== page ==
Does he have any industry heroes?  “I admire Anthony Hopkins, I think he is extraordinary; I’ve loved all his work. The late Joseph Losey, who had a great eye for composition is another. He was a very quite man, he never raised his voice on set but inspired everyone around him. I also greatly admire Douglas Slocombe and Steven Spielberg. They enthuse everyone on the set.”

What film did he enjoy the most? “It was August with Anthony Hopkins. It was Hopkins’ first film as a director. He was like Clive Barker, such enthusiasm and a great sense of humour. I first worked with him as a focus puller on The Lion In Winter.”

Vidgeon has done a lot of TV work. Asked if he enjoyed it as much as features he said: “There is no difference. When I walk on to a set I don’t care what I’ve got behind me, I do the same job, I forget what is on the dolly. I look at a set and light it. The budget is different and there is more pressure in TV. On the Frost series we were doing between twenty-five and thirty set-ups a day.”

Vidgeon says that Frost was his favourite TV series. “I did seven of them and we worked from 8am – 7pm five days a week. Each episode took six weeks, which included preparation.”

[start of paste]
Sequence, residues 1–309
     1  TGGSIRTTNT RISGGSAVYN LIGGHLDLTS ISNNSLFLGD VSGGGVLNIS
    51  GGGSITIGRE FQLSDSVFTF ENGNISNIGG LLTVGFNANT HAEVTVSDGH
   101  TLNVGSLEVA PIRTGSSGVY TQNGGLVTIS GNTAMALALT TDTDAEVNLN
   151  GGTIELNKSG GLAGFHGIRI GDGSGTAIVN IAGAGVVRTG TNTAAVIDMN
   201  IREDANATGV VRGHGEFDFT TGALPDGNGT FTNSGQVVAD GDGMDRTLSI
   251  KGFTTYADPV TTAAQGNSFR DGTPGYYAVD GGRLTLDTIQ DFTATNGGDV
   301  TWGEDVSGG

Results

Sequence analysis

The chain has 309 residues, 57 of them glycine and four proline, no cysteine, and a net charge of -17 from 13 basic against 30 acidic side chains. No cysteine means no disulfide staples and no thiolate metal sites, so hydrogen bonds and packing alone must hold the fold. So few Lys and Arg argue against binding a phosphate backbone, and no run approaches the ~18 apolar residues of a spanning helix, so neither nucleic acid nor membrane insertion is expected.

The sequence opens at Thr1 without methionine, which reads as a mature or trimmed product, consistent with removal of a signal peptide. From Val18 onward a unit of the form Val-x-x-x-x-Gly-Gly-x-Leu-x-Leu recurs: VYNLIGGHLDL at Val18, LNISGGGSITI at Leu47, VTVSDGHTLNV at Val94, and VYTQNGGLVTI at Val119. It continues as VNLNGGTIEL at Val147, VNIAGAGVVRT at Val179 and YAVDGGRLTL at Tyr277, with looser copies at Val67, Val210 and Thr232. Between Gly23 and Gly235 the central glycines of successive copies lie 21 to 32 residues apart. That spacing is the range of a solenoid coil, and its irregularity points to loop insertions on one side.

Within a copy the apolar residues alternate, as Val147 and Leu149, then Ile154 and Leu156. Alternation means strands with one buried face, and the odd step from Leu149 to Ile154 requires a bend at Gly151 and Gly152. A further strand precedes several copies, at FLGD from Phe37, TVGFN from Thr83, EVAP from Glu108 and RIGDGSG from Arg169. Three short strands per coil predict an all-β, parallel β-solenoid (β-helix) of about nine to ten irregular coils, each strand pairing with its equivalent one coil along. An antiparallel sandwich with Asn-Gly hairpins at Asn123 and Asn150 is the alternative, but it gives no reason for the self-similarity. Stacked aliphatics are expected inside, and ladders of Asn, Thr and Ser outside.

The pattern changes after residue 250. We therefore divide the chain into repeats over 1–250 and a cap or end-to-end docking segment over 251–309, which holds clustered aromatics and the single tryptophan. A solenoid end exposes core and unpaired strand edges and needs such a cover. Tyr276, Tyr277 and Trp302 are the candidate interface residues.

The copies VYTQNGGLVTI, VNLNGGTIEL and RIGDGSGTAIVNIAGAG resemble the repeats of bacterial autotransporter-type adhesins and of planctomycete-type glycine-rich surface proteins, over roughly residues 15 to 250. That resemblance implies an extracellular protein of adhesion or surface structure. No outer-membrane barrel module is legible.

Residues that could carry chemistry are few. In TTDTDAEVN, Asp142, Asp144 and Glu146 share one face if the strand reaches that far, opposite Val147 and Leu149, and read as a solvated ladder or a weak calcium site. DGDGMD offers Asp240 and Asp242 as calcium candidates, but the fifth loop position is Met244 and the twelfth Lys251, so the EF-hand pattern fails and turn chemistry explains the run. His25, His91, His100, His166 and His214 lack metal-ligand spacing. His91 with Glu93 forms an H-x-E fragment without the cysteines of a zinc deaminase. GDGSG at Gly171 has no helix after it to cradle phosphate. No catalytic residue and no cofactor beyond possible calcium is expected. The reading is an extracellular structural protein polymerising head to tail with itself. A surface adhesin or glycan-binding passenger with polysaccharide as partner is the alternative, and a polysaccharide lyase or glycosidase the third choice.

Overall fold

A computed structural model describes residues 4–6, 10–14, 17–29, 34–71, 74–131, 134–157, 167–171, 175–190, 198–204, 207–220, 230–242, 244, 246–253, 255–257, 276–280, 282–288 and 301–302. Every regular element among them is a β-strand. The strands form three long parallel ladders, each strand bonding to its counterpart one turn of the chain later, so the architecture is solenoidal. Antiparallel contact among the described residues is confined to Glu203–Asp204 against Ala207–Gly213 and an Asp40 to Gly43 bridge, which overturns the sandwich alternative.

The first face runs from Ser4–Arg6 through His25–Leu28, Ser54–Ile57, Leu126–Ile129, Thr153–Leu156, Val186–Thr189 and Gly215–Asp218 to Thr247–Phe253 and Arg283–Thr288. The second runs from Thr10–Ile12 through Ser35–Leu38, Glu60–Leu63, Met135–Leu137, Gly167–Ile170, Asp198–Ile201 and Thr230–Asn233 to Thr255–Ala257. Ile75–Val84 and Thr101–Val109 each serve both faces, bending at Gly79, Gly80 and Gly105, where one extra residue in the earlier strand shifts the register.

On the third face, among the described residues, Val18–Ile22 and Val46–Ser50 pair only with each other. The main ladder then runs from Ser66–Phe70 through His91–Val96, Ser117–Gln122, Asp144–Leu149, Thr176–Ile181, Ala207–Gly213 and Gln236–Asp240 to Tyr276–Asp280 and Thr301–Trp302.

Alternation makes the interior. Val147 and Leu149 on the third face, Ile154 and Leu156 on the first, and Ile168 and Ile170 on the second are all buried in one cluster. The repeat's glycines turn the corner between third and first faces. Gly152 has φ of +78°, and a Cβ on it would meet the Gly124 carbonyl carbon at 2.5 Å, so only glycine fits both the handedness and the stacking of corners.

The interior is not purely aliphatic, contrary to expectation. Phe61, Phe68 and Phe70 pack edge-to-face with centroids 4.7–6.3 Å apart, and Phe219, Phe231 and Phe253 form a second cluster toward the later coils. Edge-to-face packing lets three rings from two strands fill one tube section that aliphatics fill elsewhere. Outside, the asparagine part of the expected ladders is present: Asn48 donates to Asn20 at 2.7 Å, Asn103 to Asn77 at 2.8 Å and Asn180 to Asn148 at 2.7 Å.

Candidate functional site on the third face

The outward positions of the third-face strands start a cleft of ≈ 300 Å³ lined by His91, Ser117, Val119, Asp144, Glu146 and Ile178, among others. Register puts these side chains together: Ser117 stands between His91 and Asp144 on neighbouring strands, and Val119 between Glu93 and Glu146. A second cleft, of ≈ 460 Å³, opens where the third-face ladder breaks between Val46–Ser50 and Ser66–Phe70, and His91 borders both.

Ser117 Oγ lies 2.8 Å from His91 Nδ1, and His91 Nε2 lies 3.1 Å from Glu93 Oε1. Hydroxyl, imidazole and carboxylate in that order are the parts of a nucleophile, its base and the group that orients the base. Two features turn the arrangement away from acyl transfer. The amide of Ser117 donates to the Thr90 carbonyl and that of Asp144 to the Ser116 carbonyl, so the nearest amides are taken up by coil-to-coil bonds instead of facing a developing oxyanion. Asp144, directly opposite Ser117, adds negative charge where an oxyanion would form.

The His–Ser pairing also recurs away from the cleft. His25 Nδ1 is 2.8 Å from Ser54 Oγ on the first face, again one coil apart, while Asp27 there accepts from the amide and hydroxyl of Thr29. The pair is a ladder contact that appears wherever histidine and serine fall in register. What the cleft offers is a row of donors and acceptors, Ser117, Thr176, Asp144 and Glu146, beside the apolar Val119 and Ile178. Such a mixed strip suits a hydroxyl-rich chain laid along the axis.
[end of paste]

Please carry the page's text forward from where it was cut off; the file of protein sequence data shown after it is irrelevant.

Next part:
Asked how he came to be an additional unit director on Event Horizon he said: “There was a problem with the second unit and I got a call to take over. I hate taking over because you don’t know what the politics are. I had ten weeks on that.”

"I admire Anthony Hopkins, I think he is extraordinary; I’ve loved all his work."

- Robin Vidgeon BSC

How did he find directing? “I have done so many pictures with first time directors that you have to get involved with the directing side. I have worked with people such as Fred Zinnermann, Norman Jewison, George Cukor and Steven Spielberg. If you didn’t learn something from them you’d be stupid.”

On lighting Vidgeon said: “I go on to some sets and not one lamp is pointing at the actor, it’s all bounced light. I can’t do that I’ve been brought up to point the lamps and create depth. I can light a set in twenty minutes with soft light but then you spend two hours trying to stop the soft going where you don’t want it to go.” He adds: “Big pictures now have two or three cameras on every shot. Because you have a wide, medium and ultra close up for every shot the sound boys can’t put a mic in anywhere. Today a lot of work is done with radio mics which the sound people hate because the quality suffers.”

How long does he think it will be before everything is shot digitally? “It’s hard to tell but it could happen within the next five years.”

Finally Vidgeon said: “I have been really lucky in my time in the business. I owe over twenty-five years of experience to Douglas Slocombe. He was a great teacher and a great man to work with, as was his operator Chic Waterson. Douglas and I keep in regular touch and I see him as often as I can. He was a great person to watch and learn from. He was a very quiet man to work with and I never saw him lose his temper in all those years.”